Goeppert-Mayer knew that a similar situation existed for atomic electrons orbiting the nucleus. The stability of atoms is of a chemical nature, as chemical reactions involve the loss, gain, or sharing of electrons (the atomic nuclei remain unchanged). The periodic table of elements shows that as the atomic number increases, the chemical properties of elements repeat in cycles or periods. The atomic number is the number of protons in the nucleus, which is equal to the number of electrons in the unexcited atom, making the atom overall electrically neutral. Periodic stability, occurring at specific atomic numbers, was explained based on atomic energy levels associated with the angular momentum of the electrons orbiting the nucleus. According to quantum theory, energy levels are discrete values. Angular momenta arise from the motion of electrons around the nucleus (orbital angular momentum) and the rotation of the electron around its own axis, similar to a spinning top (spin). Since moving electrons constitute an electric current, they create a magnetic field. Just as two magnets repel or attract each other, the orbital angular momenta and spins of electrons interact with each other (spin-orbit coupling). According to quantum theory, each allowed angular momentum level corresponds to a set of discrete energy states. When these states are coupled with the electron spin, an energy level system is formed, each of which is defined by a set of four quantum numbers. Additionally, there is a restriction imposed by the Pauli exclusion principle. According to this principle, each quantum state, defined by a set of four quantum numbers, can only accommodate one electron. As the atomic number increases and each electron occupies the next available, unoccupied level, the energy of the system increases step by step.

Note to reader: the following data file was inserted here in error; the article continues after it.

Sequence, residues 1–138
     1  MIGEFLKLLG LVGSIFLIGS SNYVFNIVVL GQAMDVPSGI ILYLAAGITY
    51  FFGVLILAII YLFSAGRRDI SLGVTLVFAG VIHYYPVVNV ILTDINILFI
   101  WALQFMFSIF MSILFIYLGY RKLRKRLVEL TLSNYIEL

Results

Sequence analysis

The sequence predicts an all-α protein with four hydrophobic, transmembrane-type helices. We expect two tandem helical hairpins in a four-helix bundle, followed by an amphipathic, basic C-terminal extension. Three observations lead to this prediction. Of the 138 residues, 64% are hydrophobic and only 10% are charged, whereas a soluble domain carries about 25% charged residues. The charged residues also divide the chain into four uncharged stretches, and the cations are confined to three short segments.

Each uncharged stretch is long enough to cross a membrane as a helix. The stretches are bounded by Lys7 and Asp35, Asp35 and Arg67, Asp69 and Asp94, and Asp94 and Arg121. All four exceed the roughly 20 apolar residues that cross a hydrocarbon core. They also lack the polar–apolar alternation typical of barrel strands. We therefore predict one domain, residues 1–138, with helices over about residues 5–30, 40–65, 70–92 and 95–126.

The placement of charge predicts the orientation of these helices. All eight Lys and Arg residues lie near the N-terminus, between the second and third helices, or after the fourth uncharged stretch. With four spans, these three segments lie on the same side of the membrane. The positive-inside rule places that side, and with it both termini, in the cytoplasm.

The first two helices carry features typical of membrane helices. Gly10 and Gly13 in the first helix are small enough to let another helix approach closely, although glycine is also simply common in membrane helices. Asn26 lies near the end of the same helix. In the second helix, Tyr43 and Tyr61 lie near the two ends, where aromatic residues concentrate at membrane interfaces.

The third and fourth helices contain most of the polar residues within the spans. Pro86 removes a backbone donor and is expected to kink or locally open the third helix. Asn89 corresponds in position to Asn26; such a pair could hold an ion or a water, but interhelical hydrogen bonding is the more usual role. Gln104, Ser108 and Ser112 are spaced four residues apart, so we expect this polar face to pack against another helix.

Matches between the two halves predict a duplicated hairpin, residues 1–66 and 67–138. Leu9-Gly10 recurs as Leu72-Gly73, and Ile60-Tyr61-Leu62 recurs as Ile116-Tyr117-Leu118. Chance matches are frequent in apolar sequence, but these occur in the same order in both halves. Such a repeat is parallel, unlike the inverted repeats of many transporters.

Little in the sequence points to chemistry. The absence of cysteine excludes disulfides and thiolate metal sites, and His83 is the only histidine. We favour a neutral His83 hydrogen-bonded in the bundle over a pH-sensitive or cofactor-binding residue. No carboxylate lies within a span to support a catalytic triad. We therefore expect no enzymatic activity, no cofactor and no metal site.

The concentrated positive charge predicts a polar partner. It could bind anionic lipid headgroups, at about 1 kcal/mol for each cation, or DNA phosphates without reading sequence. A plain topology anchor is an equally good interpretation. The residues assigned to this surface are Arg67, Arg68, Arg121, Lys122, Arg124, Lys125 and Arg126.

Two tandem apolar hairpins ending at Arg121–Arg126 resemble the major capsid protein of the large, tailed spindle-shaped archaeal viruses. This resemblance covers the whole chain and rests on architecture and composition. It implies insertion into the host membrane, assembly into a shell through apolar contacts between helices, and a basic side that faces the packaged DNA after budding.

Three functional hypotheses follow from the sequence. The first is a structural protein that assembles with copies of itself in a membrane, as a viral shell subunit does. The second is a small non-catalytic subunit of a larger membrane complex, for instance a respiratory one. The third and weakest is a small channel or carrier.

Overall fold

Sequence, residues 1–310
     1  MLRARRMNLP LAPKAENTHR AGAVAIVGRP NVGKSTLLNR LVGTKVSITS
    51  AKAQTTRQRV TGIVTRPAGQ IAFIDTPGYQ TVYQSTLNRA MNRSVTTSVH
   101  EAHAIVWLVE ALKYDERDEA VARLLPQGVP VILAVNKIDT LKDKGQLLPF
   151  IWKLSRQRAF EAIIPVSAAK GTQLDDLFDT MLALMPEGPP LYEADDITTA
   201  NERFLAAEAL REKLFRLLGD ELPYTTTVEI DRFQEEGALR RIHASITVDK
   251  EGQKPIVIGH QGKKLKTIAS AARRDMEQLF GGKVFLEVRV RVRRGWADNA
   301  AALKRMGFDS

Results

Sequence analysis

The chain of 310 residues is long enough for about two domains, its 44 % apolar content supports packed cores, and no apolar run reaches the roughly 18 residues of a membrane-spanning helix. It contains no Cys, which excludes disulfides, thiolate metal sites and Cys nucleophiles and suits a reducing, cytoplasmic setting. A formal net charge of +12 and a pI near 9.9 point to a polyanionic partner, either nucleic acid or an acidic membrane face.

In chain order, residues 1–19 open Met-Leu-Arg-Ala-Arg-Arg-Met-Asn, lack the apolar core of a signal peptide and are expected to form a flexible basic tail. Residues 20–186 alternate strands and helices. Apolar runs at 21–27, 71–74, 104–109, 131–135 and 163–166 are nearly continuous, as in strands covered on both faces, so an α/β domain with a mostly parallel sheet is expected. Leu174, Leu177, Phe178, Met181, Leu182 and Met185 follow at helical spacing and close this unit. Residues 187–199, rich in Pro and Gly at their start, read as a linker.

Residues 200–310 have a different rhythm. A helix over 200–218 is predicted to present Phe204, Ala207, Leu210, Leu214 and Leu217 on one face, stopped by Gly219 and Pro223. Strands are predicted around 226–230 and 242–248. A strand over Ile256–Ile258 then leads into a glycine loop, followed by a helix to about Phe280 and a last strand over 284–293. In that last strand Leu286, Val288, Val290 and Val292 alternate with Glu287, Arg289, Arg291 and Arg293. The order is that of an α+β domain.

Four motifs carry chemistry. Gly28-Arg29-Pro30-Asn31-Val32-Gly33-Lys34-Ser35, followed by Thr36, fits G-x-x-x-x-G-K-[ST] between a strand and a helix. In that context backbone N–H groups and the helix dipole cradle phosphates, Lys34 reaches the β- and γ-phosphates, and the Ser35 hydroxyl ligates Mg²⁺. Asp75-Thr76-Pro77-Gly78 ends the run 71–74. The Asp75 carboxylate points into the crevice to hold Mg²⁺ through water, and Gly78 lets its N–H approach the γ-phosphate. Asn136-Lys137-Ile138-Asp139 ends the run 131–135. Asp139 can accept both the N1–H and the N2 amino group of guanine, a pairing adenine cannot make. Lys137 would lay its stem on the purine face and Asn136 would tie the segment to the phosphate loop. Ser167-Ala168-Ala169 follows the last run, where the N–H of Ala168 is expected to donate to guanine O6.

The steps by which the energy increases are not uniform: clusters of small steps are separated by incredibly large steps. Based on early notions of electrons orbiting the nucleus at various distances, these clusters of levels were called shells. An element whose atom has its farthest electron on the last level before a large gap is said to have a closed shell. The next element with a higher atomic number, which has one more electron than the previous element, starts the next shell. Closed shells correspond to stable elements. Since removing or adding an electron to a closed shell requires more energy than usual, elements with closed shells are less reactive in chemical reactions.